Looking at the face value of the index by itself only describes if the number has increased or decreased over time. Aside from this limited observation, the number does not tell us whether it is good or bad, over-priced, or currently on sale.

We have to compare it to something relevant in order for it to make sense. Like most things in life, a relative comparison is needed to improve our comprehension. And that is where corporate earnings come in.

Earnings are the profits that a company makes after deducting expenses from income. Earnings are the most fundamental variable that determine the worth of a business. Corporate earnings that are growing leads to a more valuable company.

If you were to add up all of the earnings for the companies that make up the S&P 500 index you would have the number you need to make your comparison with. To keep things manageable, earnings are typically reported on a per share of stock basis. There are companies that track this sort of thing and Wall Street analysts are currently estimating corporate earnings for the 2021 calendar year to be about $200 per share.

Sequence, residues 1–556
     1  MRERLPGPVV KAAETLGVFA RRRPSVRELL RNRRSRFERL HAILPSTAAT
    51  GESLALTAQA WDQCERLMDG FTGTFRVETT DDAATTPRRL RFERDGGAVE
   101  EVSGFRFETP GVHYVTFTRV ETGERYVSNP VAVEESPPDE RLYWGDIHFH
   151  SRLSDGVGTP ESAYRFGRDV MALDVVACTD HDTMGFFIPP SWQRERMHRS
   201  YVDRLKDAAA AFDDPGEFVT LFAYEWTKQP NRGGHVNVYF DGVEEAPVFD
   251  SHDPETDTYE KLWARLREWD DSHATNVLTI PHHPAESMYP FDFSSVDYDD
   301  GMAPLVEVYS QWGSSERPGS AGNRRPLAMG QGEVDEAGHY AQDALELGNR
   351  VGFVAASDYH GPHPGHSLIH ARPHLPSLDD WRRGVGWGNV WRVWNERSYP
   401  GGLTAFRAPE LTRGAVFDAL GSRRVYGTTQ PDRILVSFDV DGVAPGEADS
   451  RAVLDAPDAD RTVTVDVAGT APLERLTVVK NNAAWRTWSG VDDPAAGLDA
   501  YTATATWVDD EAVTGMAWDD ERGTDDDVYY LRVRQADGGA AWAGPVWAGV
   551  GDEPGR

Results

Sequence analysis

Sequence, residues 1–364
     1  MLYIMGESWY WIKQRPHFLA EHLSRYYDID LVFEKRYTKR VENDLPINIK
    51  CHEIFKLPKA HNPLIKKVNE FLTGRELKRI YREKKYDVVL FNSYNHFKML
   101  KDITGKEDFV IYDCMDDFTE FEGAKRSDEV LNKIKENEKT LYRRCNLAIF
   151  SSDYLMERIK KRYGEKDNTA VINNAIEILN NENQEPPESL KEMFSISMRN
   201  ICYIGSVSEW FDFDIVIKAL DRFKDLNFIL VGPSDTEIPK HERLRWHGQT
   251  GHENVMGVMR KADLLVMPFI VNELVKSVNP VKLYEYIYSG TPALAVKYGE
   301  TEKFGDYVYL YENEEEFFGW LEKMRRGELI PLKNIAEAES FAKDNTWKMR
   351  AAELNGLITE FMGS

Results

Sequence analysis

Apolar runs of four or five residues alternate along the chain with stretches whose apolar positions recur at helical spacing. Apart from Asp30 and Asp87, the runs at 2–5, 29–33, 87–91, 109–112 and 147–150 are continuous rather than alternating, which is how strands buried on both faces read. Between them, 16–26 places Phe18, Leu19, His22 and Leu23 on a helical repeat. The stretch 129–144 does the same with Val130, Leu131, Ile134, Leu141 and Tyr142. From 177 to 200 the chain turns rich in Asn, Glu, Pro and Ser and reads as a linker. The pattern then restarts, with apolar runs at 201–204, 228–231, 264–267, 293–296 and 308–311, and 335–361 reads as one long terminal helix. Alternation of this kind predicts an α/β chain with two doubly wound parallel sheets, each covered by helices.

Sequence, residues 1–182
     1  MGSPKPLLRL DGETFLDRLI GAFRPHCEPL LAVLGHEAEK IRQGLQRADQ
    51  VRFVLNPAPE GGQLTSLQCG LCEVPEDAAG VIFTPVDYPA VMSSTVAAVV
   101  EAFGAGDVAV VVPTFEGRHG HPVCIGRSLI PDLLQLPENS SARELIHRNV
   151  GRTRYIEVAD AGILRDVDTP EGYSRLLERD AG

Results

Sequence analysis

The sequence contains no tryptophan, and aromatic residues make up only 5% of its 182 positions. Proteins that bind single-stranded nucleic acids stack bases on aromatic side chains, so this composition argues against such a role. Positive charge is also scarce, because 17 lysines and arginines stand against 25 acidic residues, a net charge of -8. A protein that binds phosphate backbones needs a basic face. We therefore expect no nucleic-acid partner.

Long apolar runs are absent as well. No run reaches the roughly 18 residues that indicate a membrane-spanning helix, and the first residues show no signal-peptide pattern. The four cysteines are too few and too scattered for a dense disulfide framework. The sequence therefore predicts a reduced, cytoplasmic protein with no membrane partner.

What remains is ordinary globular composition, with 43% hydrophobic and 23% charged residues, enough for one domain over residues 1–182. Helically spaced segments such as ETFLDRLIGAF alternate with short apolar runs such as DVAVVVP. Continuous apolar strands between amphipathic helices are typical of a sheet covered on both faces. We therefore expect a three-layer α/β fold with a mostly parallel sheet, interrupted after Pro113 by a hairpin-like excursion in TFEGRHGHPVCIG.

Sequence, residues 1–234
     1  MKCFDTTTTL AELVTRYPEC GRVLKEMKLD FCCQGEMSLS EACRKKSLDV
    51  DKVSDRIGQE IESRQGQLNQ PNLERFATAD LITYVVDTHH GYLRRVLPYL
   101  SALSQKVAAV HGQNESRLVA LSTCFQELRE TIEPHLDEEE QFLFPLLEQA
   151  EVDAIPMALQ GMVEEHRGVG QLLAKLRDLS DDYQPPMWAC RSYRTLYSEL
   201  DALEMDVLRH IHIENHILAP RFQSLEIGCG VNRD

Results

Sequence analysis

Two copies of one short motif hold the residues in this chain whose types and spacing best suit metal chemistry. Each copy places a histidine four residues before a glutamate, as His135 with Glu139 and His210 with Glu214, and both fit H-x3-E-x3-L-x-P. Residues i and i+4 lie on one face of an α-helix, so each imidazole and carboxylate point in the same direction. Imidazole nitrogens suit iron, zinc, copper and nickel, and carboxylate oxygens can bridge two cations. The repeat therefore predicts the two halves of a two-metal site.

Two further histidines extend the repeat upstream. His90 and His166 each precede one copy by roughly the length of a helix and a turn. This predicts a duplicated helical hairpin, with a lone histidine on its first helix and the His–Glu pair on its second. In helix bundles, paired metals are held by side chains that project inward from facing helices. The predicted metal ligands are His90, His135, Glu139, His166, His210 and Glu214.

Comparing the current level of 4,236 to expected earnings of $200/share gives us 22 (4,236/200). This formula is referred to the Price to Earnings ratio, or P/E ratio. On the surface, this tells us that the S&P 500 index is currently trading for 22 times expected earnings. We still don’t know if this is good or bad, it’s just math at this point.